Invasive Species Compendium

Detailed coverage of invasive species threatening livelihoods and the environment worldwide

Abstract

Provisioning predatory mites with entomopathogenic fungi or pollen improves biological control of a greenhouse psyllid pest.

Abstract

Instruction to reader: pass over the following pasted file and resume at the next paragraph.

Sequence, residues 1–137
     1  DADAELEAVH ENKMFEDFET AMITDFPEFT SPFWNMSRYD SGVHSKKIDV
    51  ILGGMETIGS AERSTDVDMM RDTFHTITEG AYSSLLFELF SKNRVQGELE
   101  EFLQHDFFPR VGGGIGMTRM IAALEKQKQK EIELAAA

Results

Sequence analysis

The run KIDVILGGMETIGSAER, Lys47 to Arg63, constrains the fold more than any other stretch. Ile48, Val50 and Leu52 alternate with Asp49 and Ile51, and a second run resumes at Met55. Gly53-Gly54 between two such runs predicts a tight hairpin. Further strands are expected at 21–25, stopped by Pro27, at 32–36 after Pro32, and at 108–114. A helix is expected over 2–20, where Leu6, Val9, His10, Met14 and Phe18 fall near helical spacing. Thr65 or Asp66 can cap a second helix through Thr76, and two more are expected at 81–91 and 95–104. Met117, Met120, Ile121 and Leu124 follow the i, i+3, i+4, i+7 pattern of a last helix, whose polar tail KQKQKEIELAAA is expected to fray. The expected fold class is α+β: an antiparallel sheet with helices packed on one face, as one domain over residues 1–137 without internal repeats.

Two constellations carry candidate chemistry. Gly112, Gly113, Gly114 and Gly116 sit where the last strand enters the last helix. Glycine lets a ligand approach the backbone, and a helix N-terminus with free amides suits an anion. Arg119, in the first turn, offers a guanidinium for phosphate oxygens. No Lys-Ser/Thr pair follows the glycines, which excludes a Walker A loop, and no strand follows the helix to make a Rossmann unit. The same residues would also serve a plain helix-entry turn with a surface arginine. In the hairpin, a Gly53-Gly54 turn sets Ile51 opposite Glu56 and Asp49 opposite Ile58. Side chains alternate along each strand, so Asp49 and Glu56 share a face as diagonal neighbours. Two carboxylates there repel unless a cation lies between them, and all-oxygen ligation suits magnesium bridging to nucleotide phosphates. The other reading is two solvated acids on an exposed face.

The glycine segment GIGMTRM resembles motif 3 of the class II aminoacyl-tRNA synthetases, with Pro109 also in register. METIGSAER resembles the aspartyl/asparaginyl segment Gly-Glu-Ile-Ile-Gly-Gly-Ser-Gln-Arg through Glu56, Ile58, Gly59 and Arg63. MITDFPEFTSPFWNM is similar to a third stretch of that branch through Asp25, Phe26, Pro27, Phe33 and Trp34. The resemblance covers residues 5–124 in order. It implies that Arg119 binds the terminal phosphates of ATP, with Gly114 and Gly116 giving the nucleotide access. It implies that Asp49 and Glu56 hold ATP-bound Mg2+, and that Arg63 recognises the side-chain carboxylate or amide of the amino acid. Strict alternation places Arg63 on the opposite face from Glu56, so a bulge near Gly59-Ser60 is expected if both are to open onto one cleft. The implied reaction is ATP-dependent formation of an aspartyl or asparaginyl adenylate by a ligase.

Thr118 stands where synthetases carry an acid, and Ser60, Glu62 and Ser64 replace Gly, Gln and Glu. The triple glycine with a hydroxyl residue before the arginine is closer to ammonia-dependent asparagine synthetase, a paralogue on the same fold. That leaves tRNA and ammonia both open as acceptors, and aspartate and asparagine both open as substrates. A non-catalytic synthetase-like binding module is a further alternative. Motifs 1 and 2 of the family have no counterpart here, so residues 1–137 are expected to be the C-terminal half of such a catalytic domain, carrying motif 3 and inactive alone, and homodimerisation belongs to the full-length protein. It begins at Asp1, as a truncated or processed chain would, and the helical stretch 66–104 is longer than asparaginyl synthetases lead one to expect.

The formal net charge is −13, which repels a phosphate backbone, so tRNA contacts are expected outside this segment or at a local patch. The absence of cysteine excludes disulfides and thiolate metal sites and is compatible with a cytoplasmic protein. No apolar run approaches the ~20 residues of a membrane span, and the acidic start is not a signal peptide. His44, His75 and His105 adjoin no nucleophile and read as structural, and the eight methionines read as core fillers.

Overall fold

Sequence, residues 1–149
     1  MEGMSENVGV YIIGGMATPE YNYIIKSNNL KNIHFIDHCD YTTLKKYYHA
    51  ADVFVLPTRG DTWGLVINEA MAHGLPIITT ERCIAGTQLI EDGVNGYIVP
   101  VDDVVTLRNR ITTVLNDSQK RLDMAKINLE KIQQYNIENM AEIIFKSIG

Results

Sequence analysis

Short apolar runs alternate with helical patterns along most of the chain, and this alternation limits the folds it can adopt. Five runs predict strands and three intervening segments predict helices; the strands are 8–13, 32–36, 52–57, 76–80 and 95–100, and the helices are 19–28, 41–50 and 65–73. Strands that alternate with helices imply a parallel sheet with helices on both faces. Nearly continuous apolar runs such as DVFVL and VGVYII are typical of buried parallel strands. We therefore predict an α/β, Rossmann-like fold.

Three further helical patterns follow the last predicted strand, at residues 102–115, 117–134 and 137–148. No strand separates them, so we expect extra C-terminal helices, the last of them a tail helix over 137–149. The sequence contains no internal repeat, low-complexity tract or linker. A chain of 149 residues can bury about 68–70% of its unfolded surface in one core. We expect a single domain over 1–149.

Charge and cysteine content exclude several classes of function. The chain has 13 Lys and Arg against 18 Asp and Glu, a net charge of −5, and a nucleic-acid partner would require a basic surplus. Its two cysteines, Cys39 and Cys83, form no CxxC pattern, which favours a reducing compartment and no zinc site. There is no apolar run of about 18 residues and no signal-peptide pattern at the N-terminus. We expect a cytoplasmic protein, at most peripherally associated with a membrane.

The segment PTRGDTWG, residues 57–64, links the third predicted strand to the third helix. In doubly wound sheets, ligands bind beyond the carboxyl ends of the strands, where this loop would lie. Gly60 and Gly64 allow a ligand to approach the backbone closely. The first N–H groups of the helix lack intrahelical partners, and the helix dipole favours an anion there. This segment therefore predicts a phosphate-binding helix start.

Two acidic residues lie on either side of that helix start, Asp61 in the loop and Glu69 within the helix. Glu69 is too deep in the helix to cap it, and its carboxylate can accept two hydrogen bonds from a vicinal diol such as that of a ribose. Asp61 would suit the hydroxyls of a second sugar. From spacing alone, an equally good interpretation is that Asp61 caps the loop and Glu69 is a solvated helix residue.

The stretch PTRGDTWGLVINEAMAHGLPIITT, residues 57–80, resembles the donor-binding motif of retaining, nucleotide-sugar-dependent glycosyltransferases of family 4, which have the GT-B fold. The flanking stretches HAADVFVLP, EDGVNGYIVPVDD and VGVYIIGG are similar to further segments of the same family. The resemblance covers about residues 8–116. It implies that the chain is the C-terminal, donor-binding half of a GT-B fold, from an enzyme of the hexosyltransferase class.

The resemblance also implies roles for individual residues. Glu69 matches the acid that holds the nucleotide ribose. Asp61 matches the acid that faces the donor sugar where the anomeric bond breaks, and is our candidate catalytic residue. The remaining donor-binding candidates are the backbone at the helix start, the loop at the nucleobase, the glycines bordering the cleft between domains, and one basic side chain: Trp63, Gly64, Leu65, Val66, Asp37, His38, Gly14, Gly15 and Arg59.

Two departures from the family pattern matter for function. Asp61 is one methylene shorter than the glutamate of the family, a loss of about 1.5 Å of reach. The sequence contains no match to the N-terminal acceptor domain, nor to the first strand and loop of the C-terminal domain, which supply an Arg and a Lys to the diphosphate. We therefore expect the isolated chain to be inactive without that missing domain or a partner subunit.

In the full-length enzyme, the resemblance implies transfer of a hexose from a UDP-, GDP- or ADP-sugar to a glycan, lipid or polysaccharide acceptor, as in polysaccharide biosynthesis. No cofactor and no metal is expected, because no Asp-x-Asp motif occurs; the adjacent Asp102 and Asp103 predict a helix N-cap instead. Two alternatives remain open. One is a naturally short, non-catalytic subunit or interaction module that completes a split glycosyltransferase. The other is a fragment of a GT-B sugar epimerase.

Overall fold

BACKGROUND: Tomato/potato psyllid (TPP), Bactericera cockerelli (Šulc), is a recently established invasive pest of solanaceous crops in New Zealand. No alternative control strategies are available against TPP due to the development of insecticidal resistance. We investigated the combined use of the predatory mites Amblydromalus limonicus or Neoseiulus cucumeris with either the fungus Beauveria bassiana (suspensions and dry conidia) or with Typha orientalis pollen as a control of TPP in greenhouse bell pepper over 7 weeks. RESULTS: All treatments significantly reduced TPP densities compared with the control. A. limonicus resulted in significantly lower TPP densities than any other combination with N. cucumeris. B. bassiana suspensions did not affect A. limonicus densities when they were combined. However, the application of dry B. bassiana conidia significantly reduced the densities of A. limonicus. The use of T. orientalis pollen resulted in significantly higher densities of A. limonicus but densities of N. cucumeris did not increase. The combined use of A. limonicus with B. bassiana suspensions or T. orientalis pollen resulted in significantly decreased TPP populations and greater crop yield. CONCLUSION: The synergistic application of A. limonicus with B. bassiana suspensions could be a suitable strategy to control TPP in the greenhouse.